Scrutinizing renewal funds

West side: To protect itself, city should use federal guidelines for compensating merchants.

April 18, 2001

MORE THAN five weeks ago, we urged Mayor Martin O'Malley and City Comptroller Joan Pratt to investigate whether some west side renewal area merchants received inflated relocation costs. The good news is that the investigation will take place.

A belated probe is not enough, though. The mayor must also make sure scheming speculators can't rip off the taxpayers again.

He could do that easily by sticking to the 1970 Uniform Relocation Assistance Act, which the federal government uses as a guideline for compensation.

Mr. O'Malley protests that some dollar amounts that law provides are outdated. So what? It's not the dollar amounts that count, but the thrust of the act. It says businesses that are relocated can't claim compensation for anything more than "reasonable expenses." The guideline don't guarantee compensation for establishments that choose to go out of business.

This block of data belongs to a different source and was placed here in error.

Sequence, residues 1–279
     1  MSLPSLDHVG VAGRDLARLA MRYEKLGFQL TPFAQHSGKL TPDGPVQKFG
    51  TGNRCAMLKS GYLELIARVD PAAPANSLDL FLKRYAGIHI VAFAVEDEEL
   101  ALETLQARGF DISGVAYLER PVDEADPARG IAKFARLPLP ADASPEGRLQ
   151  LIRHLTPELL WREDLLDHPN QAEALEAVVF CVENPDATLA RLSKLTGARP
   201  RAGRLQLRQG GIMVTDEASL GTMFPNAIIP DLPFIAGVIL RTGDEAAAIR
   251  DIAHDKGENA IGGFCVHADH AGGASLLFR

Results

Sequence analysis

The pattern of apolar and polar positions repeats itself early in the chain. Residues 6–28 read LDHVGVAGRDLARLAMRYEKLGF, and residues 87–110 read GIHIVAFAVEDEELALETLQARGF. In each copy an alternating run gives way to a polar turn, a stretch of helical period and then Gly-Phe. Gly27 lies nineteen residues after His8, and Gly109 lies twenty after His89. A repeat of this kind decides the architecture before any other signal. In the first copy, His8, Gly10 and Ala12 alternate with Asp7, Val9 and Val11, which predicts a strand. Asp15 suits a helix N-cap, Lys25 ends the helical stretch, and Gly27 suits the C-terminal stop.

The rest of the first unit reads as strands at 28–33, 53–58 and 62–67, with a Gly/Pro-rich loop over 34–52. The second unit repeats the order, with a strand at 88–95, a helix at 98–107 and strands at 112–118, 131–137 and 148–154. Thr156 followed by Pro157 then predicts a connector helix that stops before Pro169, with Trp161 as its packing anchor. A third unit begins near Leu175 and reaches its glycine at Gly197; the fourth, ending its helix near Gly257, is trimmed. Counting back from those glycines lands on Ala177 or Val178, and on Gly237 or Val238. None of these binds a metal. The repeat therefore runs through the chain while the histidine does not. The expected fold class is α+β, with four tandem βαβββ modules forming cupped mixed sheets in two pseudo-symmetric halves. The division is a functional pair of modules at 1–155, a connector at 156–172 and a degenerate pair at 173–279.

Instead of following that common-sense approach, the mayor gave west side merchants the choice of liquidation. This is how the city ended up paying $532,570 to a record store owner for compact discs and pagers, even though he had another store just two blocks away.

A city audit of the west side relocations is a good start. But it could turn into a worthless whitewash exercise unless Mayor O'Malley also overhauls the compensation guidelines.

Baltimore Sun Articles
Please note the green-lined linked article text has been applied commercially without any involvement from our newsroom editors, reporters or any other editorial staff.